[can] do our part in the city. If there’s any place on earth that’s holding biodiversity, it’s the tropics.”
It’s also about sharing the space: The Enabling Village has since welcomed many special guests from the wild, including a hornbill that paid a surprise visit just a few days after the garden was completed. The hornbill was once thought to be extinct in Singapore.
A process of renewal
One major challenge of designing the garden was the existing physical environment and topography. The soil in Redhill is largely reddish clay, which poses a challenge to plants and the gardeners who tend to them.
One of the cabanas in the Enabling Village’s garden, providing shade and rest for visitors
Instead of removing and changing the soil, the landscapers treated the soil by selecting and planting plants that enrich the soil by contributing back nitrate.
“It’s not about changing the soil. It’s about understanding which plants can help to enrich the soil,” Chang explained. Once the soil composition improves, it is then possible to introduce new, even exotic, plant species gradually.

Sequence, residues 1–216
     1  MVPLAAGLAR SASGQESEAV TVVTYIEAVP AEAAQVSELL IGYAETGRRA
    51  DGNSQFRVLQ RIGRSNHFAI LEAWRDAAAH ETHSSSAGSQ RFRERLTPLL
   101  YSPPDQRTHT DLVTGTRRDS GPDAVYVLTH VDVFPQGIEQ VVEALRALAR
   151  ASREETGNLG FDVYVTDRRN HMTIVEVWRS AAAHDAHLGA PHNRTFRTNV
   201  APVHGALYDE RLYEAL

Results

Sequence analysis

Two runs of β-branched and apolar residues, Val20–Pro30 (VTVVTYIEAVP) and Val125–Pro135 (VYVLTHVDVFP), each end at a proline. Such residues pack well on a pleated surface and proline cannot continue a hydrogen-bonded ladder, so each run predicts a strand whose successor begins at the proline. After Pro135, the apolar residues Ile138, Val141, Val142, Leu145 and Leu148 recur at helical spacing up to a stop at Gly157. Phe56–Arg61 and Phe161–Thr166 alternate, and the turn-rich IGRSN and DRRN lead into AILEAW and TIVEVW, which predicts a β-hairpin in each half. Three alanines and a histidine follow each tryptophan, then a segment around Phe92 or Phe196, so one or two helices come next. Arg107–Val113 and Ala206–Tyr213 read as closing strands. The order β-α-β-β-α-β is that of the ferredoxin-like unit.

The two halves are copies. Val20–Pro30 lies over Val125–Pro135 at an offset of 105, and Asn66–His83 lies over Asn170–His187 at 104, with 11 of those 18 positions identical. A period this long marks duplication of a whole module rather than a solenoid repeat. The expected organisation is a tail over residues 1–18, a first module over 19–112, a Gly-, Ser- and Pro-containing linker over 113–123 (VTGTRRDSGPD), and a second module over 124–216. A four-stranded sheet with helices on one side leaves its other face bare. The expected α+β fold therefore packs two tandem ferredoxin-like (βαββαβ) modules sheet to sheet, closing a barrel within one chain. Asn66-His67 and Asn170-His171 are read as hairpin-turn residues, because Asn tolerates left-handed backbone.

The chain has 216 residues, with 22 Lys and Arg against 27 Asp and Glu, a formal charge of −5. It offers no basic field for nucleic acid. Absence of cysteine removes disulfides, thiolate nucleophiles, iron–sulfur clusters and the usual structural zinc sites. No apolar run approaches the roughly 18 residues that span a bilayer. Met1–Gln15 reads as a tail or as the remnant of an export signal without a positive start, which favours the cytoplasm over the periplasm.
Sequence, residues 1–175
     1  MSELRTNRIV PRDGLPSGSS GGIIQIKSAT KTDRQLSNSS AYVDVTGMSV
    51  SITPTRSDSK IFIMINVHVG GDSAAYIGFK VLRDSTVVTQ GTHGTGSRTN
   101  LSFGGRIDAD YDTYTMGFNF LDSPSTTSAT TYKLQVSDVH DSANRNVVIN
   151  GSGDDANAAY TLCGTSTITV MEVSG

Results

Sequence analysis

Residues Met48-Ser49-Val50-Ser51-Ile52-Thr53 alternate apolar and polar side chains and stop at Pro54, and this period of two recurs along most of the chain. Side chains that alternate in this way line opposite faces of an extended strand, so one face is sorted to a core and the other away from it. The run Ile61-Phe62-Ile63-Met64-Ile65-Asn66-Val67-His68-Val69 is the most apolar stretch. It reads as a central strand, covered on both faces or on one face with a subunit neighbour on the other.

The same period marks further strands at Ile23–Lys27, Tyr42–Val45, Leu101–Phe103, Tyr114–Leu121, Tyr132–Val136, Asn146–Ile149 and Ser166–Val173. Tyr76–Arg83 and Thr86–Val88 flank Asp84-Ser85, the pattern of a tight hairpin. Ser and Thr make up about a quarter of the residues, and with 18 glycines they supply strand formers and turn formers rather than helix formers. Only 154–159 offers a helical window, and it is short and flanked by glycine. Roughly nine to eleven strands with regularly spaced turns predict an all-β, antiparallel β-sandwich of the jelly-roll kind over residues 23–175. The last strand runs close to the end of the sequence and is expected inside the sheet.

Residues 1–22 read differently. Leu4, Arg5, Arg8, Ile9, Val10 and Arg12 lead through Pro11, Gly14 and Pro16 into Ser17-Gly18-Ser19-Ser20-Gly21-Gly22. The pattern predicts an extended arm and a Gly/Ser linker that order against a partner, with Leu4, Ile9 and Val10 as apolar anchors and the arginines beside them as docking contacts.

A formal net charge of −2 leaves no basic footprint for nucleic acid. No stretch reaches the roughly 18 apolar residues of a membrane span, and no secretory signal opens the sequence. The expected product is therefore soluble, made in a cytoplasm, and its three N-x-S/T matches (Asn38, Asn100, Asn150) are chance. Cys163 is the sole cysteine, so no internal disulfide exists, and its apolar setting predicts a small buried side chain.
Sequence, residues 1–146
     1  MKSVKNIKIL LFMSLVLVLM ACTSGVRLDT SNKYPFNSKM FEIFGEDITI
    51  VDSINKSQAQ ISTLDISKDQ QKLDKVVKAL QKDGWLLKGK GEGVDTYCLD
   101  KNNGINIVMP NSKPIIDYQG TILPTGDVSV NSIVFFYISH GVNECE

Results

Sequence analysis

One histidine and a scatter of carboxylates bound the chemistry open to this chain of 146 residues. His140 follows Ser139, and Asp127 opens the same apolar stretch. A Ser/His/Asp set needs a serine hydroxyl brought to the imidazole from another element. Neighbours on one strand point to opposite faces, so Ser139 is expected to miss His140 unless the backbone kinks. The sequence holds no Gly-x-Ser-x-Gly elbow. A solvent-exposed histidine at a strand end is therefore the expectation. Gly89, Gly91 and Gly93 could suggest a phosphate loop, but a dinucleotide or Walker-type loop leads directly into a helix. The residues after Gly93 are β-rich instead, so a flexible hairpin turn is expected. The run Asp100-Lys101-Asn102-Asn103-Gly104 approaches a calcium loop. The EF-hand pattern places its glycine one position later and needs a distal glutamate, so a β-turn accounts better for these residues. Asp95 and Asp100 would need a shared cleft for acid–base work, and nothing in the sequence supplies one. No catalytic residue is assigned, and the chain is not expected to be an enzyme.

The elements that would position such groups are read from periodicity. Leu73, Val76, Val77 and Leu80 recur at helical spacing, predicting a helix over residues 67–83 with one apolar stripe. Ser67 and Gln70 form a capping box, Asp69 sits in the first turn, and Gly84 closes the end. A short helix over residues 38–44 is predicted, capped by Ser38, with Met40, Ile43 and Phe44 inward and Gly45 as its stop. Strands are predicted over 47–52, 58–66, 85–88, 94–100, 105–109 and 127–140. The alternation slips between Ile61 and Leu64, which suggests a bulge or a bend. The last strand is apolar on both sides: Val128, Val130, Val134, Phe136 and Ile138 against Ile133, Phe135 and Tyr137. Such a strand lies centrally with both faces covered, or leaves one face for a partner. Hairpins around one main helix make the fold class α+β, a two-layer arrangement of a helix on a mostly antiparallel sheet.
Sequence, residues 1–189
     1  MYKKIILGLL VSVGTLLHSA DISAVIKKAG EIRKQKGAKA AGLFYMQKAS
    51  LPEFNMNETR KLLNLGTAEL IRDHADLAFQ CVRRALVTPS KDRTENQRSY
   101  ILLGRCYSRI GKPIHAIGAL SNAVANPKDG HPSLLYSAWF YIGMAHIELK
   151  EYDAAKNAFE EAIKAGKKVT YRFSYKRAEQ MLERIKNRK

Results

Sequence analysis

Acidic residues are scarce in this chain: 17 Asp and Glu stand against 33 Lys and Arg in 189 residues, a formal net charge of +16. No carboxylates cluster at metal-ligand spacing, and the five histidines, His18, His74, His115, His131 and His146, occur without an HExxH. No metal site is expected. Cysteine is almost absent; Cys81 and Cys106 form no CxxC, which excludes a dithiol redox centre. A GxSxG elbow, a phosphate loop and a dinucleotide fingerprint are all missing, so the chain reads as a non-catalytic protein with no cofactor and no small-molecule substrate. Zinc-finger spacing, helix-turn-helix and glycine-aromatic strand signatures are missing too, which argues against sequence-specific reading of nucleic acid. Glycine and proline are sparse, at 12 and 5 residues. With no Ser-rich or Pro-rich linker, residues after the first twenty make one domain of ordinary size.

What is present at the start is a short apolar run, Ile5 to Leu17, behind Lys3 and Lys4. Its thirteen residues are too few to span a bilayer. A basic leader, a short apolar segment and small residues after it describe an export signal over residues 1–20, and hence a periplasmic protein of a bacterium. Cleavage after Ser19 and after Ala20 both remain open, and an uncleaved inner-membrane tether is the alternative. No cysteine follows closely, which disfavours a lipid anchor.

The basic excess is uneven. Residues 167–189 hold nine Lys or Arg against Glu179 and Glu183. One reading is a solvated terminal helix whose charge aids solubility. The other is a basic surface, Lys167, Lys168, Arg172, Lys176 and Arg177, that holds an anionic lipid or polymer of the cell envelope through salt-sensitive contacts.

“The more bio-diversified the soil, the more chance of things happening, especially when there are millions of different kinds of fungi working in the soil. Sometimes some plants wither away because they don’t get along well with each other, but that’s just like humans.”
An Enabling Village banner at the “Village Green” block, hanging against a backdrop of thick greenery.
“It’s an ongoing process. You can’t rush nature. It’s all about succession, giving it time and allowing the garden to change.”
Look beyond the surface
The incorporation of natural water systems in the garden is another refreshing design element. Deviating from common designs that employ ornamental fish in clear water, the natural pools at the Enabling Village are free of man-made filters. The pools make use of the natural cleaning abilities of tropical plants, in an approach known as phytoremediation.
The main biopond in the Enabling Village, with the NEST and VILLAGE GREEN blocks in the background.
Chang hopes the design, which lets nature flourish and demonstrate its ability to renew itself, will serve as inspiration for future public spaces in Singapore.
“Inclusion comes in many forms, including the physical and also the metaphysical,” said Chang. “It is just a small part of Redhill. But is there something that can echo through eventually in a broader aspect? Is there a way to change how we view the landscaping of Singapore?”
“[Through this design,] we would like to allow people to encounter beauty. The role of a designer is to become a catalyst for beauty, so people who visit a place are tuned in. I think sensitivity plays a role. Everyone has it, but it’s whether this sensitivity is being activated or not.”